Rose Schutzberg was eight years old when she and her mother discovered Rose’s baby sister, Victoire, dead from SIDS — sudden infant death syndrome.”I remember seeing emergency room doctors trying to resuscitate my sister and being really affected by how hard they were trying to save her life,” she said.Some of the doctors attended her sister’s funeral the next week, too.”That sort of commitment to me and to my family really meant a lot to me. And I think since that time, I’ve always wanted to give back to people and offer them the same support in a time where it feels like your entire world is crashing around you,” she said.That tragedy, and the physicians’ response to it, would change the course of Schutzberg’s life. Now she’s a fourth-year student at UMass Medical School, where she thought she would study to become a primary care physician.But the coronavirus pandemic changed has changed her path.”I saw that there was a really deep need for patients, especially, to get better mental health care. So my mind kind of shifted toward maybe pursuing psychiatry instead of primary care,” she said.She went from maybe to definitely after helping treat a patient who spent three weeks without access to a psychiatric bed due in part to COVID-19’s impact.”It just felt like this really kind of like eureka moment where I was like, OK, you know what, Rose? This is the path that you’re supposed to go on,” she said.Schutzberg is hardly the only medical student affected by the pandemic. Applications to medical schools are up by about 20 percent nationwide, according to the Association of American Medical Colleges.UMass Medical School is seeing about the same increase in applicants, according to the school’s chancellor, Dr. Michael Collins. Collins said the students are seeing their importance in a new light.”It’s really a very, very exciting moment to be in medicine,” he said. “Can you ever remember a time like this that has inspired students?” 5 Investigates Karen Anderson asked him.”Sort of around 9/11, when people recognized the importance of a moment of national purpose, if you will, and I actually think we are in a moment of national purpose,” he said. “The fact that science was able to create vaccine discoveries, that hospitals were able to care for people in such large numbers… it’s very special.”For current students like Schutzberg, Friday is match day, when they learn where they will perform their residency.”I realized that there was just so much work that needed to be done and that if I wasn’t going to do it, probably no one else would. So someone has to do it,” she said.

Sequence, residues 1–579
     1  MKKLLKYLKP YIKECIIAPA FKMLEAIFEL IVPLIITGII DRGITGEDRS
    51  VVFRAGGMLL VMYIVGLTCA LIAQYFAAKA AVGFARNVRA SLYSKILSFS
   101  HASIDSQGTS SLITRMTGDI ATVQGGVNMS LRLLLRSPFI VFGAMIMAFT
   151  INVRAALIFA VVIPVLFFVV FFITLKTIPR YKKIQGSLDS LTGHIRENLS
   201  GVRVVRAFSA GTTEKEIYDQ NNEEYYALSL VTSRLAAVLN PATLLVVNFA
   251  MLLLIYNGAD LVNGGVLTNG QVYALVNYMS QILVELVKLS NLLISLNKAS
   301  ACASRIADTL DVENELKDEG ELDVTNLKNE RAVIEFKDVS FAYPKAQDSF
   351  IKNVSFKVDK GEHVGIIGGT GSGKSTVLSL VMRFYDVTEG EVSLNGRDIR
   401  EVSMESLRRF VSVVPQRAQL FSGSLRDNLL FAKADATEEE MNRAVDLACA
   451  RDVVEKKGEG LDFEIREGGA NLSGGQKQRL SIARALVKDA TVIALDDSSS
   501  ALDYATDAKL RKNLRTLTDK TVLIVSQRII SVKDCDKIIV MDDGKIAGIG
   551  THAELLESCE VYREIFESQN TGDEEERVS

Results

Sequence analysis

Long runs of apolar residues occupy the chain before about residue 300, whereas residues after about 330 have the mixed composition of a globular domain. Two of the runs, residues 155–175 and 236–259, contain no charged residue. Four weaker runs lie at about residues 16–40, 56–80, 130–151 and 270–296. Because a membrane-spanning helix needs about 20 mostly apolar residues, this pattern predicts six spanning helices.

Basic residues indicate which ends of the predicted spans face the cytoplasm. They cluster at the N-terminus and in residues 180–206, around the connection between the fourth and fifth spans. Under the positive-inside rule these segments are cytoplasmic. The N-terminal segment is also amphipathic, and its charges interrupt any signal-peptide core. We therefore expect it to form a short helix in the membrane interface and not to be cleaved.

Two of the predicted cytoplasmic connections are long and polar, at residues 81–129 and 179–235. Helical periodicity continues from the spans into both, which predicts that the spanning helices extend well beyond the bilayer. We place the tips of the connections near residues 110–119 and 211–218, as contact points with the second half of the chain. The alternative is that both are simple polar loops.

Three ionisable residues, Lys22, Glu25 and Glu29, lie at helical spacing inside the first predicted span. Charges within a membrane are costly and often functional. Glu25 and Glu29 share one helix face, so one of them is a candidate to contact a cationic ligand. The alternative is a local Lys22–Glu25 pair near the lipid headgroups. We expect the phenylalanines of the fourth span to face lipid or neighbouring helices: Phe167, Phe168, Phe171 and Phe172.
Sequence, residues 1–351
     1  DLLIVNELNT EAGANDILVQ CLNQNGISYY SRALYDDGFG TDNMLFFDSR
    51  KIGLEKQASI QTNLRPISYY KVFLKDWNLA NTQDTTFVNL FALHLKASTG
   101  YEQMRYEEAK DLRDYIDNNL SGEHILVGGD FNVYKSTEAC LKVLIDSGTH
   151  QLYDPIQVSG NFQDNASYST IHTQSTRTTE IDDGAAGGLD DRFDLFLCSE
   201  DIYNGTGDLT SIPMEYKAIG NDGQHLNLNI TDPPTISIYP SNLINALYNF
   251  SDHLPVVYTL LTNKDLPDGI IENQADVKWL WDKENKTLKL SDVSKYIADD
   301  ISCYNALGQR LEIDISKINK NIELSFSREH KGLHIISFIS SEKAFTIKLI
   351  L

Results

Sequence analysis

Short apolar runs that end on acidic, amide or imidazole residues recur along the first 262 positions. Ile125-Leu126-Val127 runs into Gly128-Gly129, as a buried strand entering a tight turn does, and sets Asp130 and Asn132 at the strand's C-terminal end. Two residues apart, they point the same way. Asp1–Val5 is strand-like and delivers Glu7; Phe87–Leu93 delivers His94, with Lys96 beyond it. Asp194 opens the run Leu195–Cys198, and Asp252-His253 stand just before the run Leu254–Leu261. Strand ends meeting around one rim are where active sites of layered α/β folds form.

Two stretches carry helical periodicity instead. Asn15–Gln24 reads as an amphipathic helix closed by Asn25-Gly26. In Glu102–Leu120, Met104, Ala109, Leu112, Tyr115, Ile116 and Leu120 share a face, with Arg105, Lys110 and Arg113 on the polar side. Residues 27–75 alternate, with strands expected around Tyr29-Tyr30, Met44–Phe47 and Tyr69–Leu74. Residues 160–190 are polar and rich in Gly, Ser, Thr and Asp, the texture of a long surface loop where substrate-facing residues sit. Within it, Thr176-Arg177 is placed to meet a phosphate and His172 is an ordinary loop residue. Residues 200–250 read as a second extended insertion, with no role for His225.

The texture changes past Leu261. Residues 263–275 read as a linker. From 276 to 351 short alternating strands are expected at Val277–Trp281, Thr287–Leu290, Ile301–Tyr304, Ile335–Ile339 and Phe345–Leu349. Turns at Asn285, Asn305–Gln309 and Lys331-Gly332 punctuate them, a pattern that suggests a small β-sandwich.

BOSTON — Rose Schutzberg was eight years old when she and her mother discovered Rose’s baby sister, Victoire, dead from SIDS — sudden infant death syndrome.”I remember seeing emergency room doctors trying to resuscitate my sister and being really affected by how hard they were trying to save her life,” she said.